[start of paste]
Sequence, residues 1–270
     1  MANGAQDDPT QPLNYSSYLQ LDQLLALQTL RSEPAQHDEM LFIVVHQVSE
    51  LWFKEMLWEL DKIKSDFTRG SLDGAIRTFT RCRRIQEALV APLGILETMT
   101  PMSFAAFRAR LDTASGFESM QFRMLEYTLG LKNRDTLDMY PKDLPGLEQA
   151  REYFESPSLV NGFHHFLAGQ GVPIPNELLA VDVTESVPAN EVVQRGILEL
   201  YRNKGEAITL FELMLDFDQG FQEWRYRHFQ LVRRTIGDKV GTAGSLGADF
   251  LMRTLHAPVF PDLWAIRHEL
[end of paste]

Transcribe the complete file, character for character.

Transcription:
Sequence, residues 1–270
     1  MANGAQDDPT QPLNYSSYLQ LDQLLALQTL RSEPAQHDEM LFIVVHQVSE
    51  LWFKEMLWEL DKIKSDFTRG SLDGAIRTFT RCRRIQEALV APLGILETMT
   101  PMSFAAFRAR LDTASGFESM QFRMLEYTLG LKNRDTLDMY PKDLPGLEQA
   151  REYFESPSLV NGFHHFLAGQ GVPIPNELLA VDVTESVPAN EVVQRGILEL
   201  YRNKGEAITL FELMLDFDQG FQEWRYRHFQ LVRRTIGDKV GTAGSLGADF
   251  LMRTLHAPVF PDLWAIRHEL